Memorial Park is a place where Houstonians come together for a variety of events and activities. It is also a place where people come together to remember the past and to pay tribute to those who have given their lives in service to our country.
As part of a master plan update, Memorial Park will be able to better meet the community’s current and future recreational needs. This will enhance the park’s resilience and connection to a diverse native ecology while honoring its cultural and historic heritage.
History of the Park
Memorial Park was established in 1924 when Houstonians Will and Mike Hogg purchased a portion of Camp Logan, a World War I military training camp. It was developed over the next several years into a lush, riparian forest filled with trails and recreational amenities.
Today, Memorial Park is a popular destination with visitors and residents. It is home to several parks and gardens. It also features man-made water features and a variety of trees that provide shade.
The Submariners Monument in memorial park commemorates the service of men who served as submariners. It honors those who designed, built, operated, and maintained submarines from shipyards across the country.
It also recognizes the families of those who served, and the communities that support them. It is a tribute to the submariner, and all the men and women who design, build, operate and maintain submarines from Hawaii to Maine.
The Monument includes a granite slab that lists the names of 50 submariners who lost their lives during World War II on “eternal patrol” from the USS S-28. It is surrounded by a circle of tombstone-like granite markers.
The Korea Monument in memorial park honors the men and women of America’s military who served during the Korean War, which lasted three years from 1950 to 1953. It also recognizes the 22 United Nations partners who contributed to the conflict.
The main feature of the memorial is a group of 19 stainless steel statues. These sculptures are about 20% larger than life, forming an idealized patrol of U.S. soldiers on patrol, emerging from a forest into open ground in a wedge formation.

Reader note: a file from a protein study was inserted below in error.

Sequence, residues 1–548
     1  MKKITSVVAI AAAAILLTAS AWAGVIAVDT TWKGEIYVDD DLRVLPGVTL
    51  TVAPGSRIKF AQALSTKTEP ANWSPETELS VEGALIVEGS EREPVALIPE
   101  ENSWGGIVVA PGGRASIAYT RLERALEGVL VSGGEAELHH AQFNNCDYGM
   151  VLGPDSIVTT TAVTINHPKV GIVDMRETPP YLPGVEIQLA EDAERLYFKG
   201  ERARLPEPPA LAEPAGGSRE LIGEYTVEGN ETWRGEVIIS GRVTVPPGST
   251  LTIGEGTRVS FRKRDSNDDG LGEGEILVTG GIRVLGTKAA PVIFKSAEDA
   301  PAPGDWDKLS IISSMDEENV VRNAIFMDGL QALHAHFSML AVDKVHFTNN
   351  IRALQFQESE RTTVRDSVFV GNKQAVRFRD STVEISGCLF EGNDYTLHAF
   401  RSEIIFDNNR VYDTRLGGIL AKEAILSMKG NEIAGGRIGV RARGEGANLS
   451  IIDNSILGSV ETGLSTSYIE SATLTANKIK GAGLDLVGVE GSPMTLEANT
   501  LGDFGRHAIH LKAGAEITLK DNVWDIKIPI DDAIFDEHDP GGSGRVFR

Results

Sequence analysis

On the other side of the triangle are inscriptions on the Pool of Remembrance listing the numbers of troops killed, wounded, missing in action and held as prisoners during the Korean War. Opposite these inscriptions is the iconic inscription, “Freedom is not free.”
Gold Star Monument
The Gold Star Monument in memorial park is a place of honor for those who have lost a loved one while serving in the armed forces. These monuments are built to remember those who have sacrificed their lives so that we can live in peace and freedom.
The memorial is made of black granite with a section cut out in the shape of a soldier saluting. The other side of the monument is engraved with four panels that tell a story.
Dedicated by Hershel “Woody” Williams, a World War II veteran and recipient of the Medal of Honor, these memorials are part of his program to honor Gold Star Families across the country. Currently, there are 17 of these monuments across the country and more are being built.
The Peace Statue is a monument for peace to commemorate Sadako Sasaki and the thousands of child victims of the atomic bombing. It was built with funds donated from all over Japan, and is a permanent symbol of hope for world peace.
The statue features a soft face and closed eyes that offer prayers for the souls of the atomic bomb victims. The bent right leg symbolizes meditation, while the left leg represents the need to stand up against war.
In addition to the main statue, visitors will see strings of colourful paper cranes – known as orizuru in Japanese – that have been folded by schoolchildren from all over the world. This serves as a reminder that the children who make them and those who visit want to live in peace.